1) There is a warrant to John Dawtry, dated 29/1/1510, authorising £700 to be spent on materials for the construction of two ships, one of 400 and the other of 300 tons. Although neither ship is mentioned by name, they have been assumed to be the Mary Rose and the Peter Pomegranate respectively. These are also the only two large new ships recorded as being built in 1510. Since other records indicate that these two ships were constructed either simultaneously or very nearly so, it would appear likely that these are the ships in question.

2) The case for the ship being built in Portsmouth relies on several documents in the State Papers. In 1510, money was sent to Brygandine for the repair of the Sovereign in Portsmouth dock and the making of the Regent. Money was also paid to him for the 'same' for the Mary Rose and the Peter Pomegranate, two new barks and two new row barges, during a period from 29/7/1510 to 20/9/1511. A further letter sent by Brygandine to Palshide concerns money received for the 'new making' of the Mary Rose and the Peter Pomegranate. While not directly stating that these two ships were built in Portsmouth, the coupling of the repair of the Sovereign in Portsmouth with the 'new making' of the Mary Rose is rather suggestive. Also, perhaps the strongest evidence for the Mary Rose being built in Portsmouth comes from John Duance's Accounts, produced in 1514. In these, there is a payment of £120 to Richard Brygandine for conveying the Mary Rose and Peter Pomegranate from Portsmouth to the Thames.

There are also a number of possible explanations for the sinking of the Mary Rose in the Solent on the 9th July 1545 but it is believed that the ship began to heel as soon as the sails were raised - either due to bad seamanship or poor ballasting - and water entered the ship through her lower gun ports, still open after firing. The Mary Rose lay on her starboard side at an angle of approximately 60 degrees. She had sunk through the soft upper sediments and had come to rest on the clay below. The hull acted as a silt trap for the Solent currents, and the surviving portion of the hull filled rapidly, leaving the port side to be eroded by marine organisms and mechanical degradation. Because of the way the ship sank, nearly the whole starboard side survived intact, excluding the bow and a portion of the aftercastle. Internally between half and one third of the orlop, main and upper decks, along with a fragment of the castle deck were intact, as were ancillary structures such as the companionways, stanchions and cabin partitioning. During the 17th and 18th centuries the entire site was covered with a layer of hard gray shelly clay, which minimised further erosion.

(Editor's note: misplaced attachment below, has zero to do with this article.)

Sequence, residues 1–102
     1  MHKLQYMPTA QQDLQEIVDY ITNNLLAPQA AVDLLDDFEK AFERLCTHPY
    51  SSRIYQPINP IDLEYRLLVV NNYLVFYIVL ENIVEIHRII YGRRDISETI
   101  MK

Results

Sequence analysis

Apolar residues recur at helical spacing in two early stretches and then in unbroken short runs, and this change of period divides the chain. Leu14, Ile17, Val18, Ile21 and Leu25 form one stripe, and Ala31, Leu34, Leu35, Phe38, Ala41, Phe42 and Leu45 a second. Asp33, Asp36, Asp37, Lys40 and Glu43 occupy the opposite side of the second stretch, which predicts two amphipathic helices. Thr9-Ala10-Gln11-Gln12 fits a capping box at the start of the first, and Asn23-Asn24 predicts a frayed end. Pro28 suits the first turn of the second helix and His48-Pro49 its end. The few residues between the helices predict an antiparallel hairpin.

The Caldercraft kit of the Mary Rose includes: CNC cut bulkheads and keel from birch ply; Kit components CNC cut in walnut and walnut ply; Double plank on frame construction in lime and walnut; Tanganyika deck planking; Rigging thread and all rigging blocks; Brass etched and white metal cast fittings; 8 sheets of full size plans; Comprehensive construction manual, including the book ‘The history of the Mary Rose’ by David Vine BSC. Curator of the Mary Rose Museum.

Specifications:
Scale: 1:80
Length: 735mm
Beam 255mm
Height 520mm
Planking: Double
Part No: C9004
Advanced

Price: 255.00 (Including VAT at 20%)
Euros: 295.80 (Inc VAT) / US Dollars: US$272.00 (Tax Free)

Add Glue Pack £6.85
Add Rigging Tool Set £23.50
Add Planking Tool Set £26.95


Quantity:  



Caldercraft The Mary Rose 1510 Tudor Warship 1:80

Caldercraft The Mary Rose 1510 Tudor Warship 1:80

Customers who bought this item also bought:
1. Matt Admiralty Varnish 18ml - AV9110W (Ref: AV9110W)
2. Amati Nylon Bench Vice (Ref: A7126)
3. Amati Loom-a-Line (Ref: A7380)

Related products:
1. Rigging Tool Set (Ref: CMBRTS)
2. Glue Pack for Building Static Display Wooden Models (Ref: CMBGP1)
3. Planking Tool Set (Ref: CMBPTS)

Cornwall Model Boats | Static Display Model Kits  | Caldercraft Nelsons Navy  | The Mary Rose 1510 Tudor Warship 1:80